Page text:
>>     absolute claims are almost bound to fail at some point. But the
>>     principle, illustrated by the fact that children growing up in
>>     Russia speak Russian and understand the meaning of perezhivanie
>>     whereas we don't, etc., is hardly faulted by NSL.
>>     The other thing that Mike suggests is that the principle of the
>>     ideal being present in the environment carries with it the
>>     negation of the idea of the social formation itself being subject
>>     to continuous change. Again, I think Vygotsky just takes this as
>>     outside the concerns of Psychology. His essay on Socialist Man
>>     http://www.marxists.org/archive/vygotsky/works/1930/socialism.htm
>>     shows that in fact he saw the psychology of people as primarily
>>     determined by the social formation of which they were a part and
>>     he saw that social formation as evolving. He was of course a
>>     modern, albeit I suspect a modern with a considerable capacity for
>>     irony.
>>     Now, this raises the difficult question of what Vygotsky may have
>>     meant by "ideal." Or, what he thought is a mystery, but what
>>     should *we* understand by ideality? It is well known that Vygotsky
>>     was surrounded by a number of fellows who were aficionados of
>>     Hegelianism, even if Vygotsky himself had never studied Hegel, so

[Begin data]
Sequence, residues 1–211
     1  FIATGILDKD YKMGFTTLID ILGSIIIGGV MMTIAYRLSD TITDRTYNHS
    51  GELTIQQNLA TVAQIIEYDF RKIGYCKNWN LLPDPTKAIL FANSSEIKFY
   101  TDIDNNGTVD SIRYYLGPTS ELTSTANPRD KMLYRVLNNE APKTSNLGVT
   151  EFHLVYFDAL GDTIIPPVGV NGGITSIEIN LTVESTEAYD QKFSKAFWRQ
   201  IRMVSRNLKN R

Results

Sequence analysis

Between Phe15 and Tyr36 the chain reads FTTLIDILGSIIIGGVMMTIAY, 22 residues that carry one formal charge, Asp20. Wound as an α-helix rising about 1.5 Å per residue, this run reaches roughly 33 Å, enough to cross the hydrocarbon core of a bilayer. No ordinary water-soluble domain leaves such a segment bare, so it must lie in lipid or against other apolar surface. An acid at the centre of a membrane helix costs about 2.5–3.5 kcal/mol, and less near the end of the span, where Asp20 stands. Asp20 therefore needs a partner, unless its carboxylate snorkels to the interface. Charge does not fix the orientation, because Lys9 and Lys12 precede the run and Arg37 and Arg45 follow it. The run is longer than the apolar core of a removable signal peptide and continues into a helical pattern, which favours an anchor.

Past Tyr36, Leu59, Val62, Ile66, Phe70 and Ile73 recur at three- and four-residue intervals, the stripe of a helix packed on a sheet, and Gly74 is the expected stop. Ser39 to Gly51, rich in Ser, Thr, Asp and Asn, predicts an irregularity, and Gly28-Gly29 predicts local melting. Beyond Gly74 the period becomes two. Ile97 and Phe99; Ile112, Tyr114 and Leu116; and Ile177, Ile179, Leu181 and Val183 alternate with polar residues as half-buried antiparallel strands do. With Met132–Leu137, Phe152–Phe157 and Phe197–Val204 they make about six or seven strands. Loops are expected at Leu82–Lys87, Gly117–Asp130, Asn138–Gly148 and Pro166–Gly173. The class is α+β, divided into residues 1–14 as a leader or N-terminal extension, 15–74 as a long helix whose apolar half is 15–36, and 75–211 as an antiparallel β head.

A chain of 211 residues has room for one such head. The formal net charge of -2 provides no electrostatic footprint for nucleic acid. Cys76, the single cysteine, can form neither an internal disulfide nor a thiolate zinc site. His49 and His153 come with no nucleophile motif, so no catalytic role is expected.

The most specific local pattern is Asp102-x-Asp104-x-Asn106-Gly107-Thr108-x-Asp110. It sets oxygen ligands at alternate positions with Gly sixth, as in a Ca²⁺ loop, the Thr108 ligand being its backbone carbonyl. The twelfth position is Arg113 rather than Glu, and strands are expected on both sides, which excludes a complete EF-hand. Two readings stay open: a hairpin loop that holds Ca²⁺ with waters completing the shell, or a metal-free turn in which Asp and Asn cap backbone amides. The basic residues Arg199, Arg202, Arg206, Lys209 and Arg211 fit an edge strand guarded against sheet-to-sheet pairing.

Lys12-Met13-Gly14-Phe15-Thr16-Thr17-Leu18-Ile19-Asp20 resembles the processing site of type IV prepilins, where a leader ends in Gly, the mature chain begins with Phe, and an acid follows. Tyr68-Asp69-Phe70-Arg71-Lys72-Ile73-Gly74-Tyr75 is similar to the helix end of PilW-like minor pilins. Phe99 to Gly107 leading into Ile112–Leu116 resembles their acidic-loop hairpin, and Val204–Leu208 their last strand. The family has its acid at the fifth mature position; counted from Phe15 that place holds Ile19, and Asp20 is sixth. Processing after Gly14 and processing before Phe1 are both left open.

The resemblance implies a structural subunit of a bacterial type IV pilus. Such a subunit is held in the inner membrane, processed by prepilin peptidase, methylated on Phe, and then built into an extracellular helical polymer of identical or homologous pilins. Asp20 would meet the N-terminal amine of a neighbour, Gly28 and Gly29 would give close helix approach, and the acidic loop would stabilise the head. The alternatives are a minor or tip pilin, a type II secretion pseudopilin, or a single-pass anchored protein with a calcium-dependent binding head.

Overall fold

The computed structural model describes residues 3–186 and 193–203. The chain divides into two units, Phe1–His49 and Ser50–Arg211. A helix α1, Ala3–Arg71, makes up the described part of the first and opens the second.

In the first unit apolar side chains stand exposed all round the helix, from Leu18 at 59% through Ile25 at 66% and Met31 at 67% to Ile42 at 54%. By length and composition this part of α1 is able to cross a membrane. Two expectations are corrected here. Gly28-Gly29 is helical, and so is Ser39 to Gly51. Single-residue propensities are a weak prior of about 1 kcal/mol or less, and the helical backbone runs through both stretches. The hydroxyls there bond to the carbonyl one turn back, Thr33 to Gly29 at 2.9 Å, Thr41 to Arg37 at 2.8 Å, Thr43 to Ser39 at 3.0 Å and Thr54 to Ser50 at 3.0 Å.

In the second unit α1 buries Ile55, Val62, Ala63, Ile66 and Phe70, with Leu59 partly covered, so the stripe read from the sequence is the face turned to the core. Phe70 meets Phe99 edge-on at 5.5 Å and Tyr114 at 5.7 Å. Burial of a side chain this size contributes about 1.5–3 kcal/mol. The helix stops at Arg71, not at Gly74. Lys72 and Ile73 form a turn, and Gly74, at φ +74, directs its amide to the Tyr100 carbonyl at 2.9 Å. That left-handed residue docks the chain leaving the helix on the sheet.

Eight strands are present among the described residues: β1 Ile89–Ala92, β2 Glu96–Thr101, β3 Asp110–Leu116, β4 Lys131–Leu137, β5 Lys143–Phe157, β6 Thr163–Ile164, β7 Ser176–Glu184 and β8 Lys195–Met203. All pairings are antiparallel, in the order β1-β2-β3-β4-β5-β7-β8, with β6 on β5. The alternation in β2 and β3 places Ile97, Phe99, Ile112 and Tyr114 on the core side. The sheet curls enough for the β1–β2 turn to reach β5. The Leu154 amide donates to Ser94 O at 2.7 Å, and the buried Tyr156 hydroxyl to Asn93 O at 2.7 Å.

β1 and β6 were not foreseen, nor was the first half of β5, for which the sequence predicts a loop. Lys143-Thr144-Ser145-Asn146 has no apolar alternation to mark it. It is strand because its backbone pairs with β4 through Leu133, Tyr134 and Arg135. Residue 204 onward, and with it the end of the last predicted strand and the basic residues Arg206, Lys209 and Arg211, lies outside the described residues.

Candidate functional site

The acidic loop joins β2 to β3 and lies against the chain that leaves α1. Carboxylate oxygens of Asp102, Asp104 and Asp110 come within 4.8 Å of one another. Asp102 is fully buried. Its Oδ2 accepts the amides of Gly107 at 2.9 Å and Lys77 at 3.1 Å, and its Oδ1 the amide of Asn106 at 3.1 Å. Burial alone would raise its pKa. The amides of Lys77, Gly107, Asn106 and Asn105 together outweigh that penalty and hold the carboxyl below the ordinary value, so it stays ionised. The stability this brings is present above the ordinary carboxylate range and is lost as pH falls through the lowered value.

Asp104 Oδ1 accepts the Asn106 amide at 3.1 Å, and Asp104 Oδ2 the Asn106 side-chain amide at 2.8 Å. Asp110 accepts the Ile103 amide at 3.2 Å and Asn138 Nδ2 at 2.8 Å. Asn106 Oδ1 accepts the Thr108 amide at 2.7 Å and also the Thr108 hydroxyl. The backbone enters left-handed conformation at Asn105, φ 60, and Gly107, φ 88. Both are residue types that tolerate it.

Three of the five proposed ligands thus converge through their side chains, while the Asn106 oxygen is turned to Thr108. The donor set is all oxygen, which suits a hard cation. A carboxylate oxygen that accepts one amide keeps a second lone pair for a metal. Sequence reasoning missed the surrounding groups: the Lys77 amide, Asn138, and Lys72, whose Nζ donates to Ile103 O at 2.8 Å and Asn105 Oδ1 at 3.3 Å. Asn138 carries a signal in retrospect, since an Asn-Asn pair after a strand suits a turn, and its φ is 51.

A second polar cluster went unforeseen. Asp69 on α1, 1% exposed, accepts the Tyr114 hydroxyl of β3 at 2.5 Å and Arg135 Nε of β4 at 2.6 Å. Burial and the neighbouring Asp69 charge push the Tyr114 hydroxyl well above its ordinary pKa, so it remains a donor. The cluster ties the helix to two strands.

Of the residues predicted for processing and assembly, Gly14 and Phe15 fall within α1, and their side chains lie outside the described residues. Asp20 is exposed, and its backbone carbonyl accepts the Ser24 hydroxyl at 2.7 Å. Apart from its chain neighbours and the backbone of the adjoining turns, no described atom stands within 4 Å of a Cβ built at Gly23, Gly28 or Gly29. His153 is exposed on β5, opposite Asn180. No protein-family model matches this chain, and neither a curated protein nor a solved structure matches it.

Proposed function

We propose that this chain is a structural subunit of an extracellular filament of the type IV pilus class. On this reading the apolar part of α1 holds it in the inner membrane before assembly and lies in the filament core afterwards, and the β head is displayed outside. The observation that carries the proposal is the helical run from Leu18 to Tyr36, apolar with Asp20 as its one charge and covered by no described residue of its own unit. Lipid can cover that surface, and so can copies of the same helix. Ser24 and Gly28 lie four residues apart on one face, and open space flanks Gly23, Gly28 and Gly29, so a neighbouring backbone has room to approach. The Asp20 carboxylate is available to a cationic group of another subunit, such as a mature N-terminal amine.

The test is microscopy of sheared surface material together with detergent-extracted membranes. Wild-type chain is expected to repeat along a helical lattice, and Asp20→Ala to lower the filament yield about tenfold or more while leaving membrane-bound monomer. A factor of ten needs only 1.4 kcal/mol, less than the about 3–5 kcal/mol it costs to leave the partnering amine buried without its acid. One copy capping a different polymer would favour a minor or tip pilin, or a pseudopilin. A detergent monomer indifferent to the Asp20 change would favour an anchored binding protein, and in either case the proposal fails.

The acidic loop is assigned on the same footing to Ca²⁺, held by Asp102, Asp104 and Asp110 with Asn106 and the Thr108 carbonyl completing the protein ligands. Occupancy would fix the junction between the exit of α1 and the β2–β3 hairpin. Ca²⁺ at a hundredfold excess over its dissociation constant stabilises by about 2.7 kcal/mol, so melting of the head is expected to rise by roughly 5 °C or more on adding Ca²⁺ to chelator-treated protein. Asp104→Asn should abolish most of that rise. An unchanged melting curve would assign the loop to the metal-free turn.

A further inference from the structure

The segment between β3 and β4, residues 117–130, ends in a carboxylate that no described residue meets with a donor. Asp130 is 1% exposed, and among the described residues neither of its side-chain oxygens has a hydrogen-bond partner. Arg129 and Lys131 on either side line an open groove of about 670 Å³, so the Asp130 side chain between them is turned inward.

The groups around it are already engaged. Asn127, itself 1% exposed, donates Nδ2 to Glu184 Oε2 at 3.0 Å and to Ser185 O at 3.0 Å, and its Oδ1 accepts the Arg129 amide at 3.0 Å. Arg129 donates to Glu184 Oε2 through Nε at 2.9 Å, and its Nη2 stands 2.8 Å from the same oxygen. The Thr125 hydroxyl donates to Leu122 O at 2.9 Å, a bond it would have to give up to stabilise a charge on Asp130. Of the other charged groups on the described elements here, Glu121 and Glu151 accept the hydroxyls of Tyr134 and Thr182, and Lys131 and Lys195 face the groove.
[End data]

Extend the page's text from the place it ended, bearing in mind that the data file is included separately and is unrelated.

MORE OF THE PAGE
>>     it is fair to suggest that the Hegelian concept of the Ideal is
>>     relevant in this context, of reconciling "ideal" as the norm in a
>>     given social formation and "ideal" as the notion of infinite,
>>     historical perfectability. For Hegel, "ideality" expresses both
>>     these principles; that is, that any relation contains within it a
>>     "gap" which makes it open to perfectability, and that "gap" is
>>     ever present, and its existence expresses what Hegel calls The
>>     Idea, that is to say, the ever-unfolding spirit of human freedom.
>>     Etc. It only requires that the Idea is present for any relation to
>>     be mutable. This is deep and challenging philosophical stuff which
>>     we don't really need, if we can just accept that "the ideal" does
>>     not mean something fixed and final, just an evolving norm:
>>     ever-shifting goal posts.
>>     Andy
>>     --     ------------------------------------------------------------
>> ------------
>>     *Andy Blunden*
>>     http://home.pacific.net.au/~andy/
>>     <http://home.pacific.net.au/%7Eandy/>
>> --
>> Carol A  Macdonald Ph D (Edin)
>> Developmental psycholinguist
>> Academic, Researcher,  and Editor Honorary Research Fellow: Department of
>> Linguistics, Unisa

It is the dilemma of psychology to deal with a natural science with an
object that creates history. Ernst Boesch.